That's simple aye?!



posted on May, 14 2015 @ 06:27 PM
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a reply to: hudsonhawk69

Somewhere in the USA there is a small town full of Christians. They built a Winn Dixie grocery store. They shop there all the time. Would you call it a Christian grocery store? Or just simply a grocery store built and patronized by Christians?

Cheers



posted on May, 14 2015 @ 07:11 PM
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Just the fact that there is so much contention to this subject is evidence that this isn't a christian nation.

If god wants to come down and let us know unequivocally that this is a christian nation, I'm ready for him/her/it to do so... If he can't or won't, then there's not really much of a reason for people to worship because he has to rely on his flawed minions to do his legwork.

Until then, it's divisive as a nation to say that this nation is under a single god. Why can't religious people just worship who they want and let others worship (or not) who they want? We're not UNDIVIDED under god.

There's no document that specifically states a national religion and in fact there are numerous official documents that state otherwise. The founders remembered why we'd left England and how religious persecution leads to villainy and oppression.

I'm willing to change my mind when I see evidence of it, but I don't anticipate that happening any time soon.



posted on May, 14 2015 @ 07:26 PM
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a reply to: hudsonhawk69




That's simple aye?!


No. Just no.



posted on May, 14 2015 @ 07:48 PM
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Just checking to make sure the USA is still a non religious Nation ... upheld by constitutional law to protect the right of citizens to practice their religion in peace ...

Try as they might, personal opinions do not alter the truth of the matter










edit on 14-5-2015 by artistpoet because: Typo

edit on 14-5-2015 by artistpoet because: (no reason given)



posted on May, 14 2015 @ 08:00 PM
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Do you think fundamentalists from other countries and religions realize they are fundamentalists?

Is there any reason to expect our own fundamentalists to be any different?



posted on May, 14 2015 @ 08:09 PM
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originally posted by: Deaf Alien
a reply to: hudsonhawk69

Somewhere in the USA there is a small town full of Christians. They built a Winn Dixie grocery store. They shop there all the time. Would you call it a Christian grocery store? Or just simply a grocery store built and patronized by Christians?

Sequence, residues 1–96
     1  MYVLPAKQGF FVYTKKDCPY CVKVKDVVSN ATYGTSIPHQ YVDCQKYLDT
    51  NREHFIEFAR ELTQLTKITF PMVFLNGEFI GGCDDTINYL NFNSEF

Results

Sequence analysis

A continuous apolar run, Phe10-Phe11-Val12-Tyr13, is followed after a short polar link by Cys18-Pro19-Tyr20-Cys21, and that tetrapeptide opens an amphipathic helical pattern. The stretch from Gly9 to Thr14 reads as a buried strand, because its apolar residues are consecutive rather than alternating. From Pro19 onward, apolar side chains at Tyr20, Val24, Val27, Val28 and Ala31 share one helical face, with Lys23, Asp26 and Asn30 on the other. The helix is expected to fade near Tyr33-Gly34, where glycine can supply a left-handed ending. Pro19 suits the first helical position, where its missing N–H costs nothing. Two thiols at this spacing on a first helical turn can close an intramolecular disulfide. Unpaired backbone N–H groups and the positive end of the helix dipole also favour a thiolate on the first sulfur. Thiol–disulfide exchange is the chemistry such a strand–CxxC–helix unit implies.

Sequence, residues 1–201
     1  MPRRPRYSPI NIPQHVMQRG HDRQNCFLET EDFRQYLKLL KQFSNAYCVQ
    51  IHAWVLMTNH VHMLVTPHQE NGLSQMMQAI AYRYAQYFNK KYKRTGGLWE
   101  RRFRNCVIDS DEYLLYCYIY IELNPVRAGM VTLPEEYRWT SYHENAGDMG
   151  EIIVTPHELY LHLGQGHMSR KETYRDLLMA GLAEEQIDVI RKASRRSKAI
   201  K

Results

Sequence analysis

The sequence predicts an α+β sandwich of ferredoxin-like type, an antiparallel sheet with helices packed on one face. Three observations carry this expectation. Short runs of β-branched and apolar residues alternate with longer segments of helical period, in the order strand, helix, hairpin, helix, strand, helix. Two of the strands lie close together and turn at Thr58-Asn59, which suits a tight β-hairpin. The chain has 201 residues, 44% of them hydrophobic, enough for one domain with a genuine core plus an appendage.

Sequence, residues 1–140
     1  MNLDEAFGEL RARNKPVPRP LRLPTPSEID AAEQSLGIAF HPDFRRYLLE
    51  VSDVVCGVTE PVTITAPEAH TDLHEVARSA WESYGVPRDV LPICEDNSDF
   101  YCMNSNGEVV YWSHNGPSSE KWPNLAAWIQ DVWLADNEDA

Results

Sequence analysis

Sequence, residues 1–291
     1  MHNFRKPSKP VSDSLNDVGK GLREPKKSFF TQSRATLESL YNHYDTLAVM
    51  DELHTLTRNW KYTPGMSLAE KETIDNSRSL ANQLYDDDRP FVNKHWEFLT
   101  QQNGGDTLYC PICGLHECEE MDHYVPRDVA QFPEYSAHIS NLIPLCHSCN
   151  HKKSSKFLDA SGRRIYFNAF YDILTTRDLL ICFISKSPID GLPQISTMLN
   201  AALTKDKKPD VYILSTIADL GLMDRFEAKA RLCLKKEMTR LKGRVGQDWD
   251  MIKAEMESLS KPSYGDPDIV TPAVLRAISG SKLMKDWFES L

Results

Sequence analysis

Cheers


Aaand back to the arbitrary shop example...

Yes. America is not a christian nation in the way that christianity is not officially or formally a part of it's political structure or design.

No. You can't convince me that the overwhelming christian population have have no affect or influence in American politics or political decision making.

Therefore. Your argument is as invalid as mine as we are both simply arguing about semantics!

Do you require further explanation or are you able to comprehend that simple explanation?



posted on May, 14 2015 @ 08:14 PM
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a reply to: hudsonhawk69

I am confused on which side you are on? I gave you a star for the other post where you thanked a guy for clearing it up.



You can't convince me that the overwhelming christian population have have no affect or influence in American politics or political decision making.


Give examples. We all know about gay weddings. What other examples?

Moral Majority failed miserably.



Do you require further explanation or are you able to comprehend that simple explanation?


I comprehend just fine.



posted on May, 14 2015 @ 08:14 PM
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a reply to: windword

Everything here points to America being the secular state Luther wrote about.

Thank you for confirming it even more.



posted on May, 14 2015 @ 08:14 PM
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a reply to: artistpoet

It's not non-religious. It's secular. There's a difference.



posted on May, 14 2015 @ 08:16 PM
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a reply to: Gorman91

It seems that you keep agreeing with us without knowing why. Of course it's a secular nation. That is not debatable here.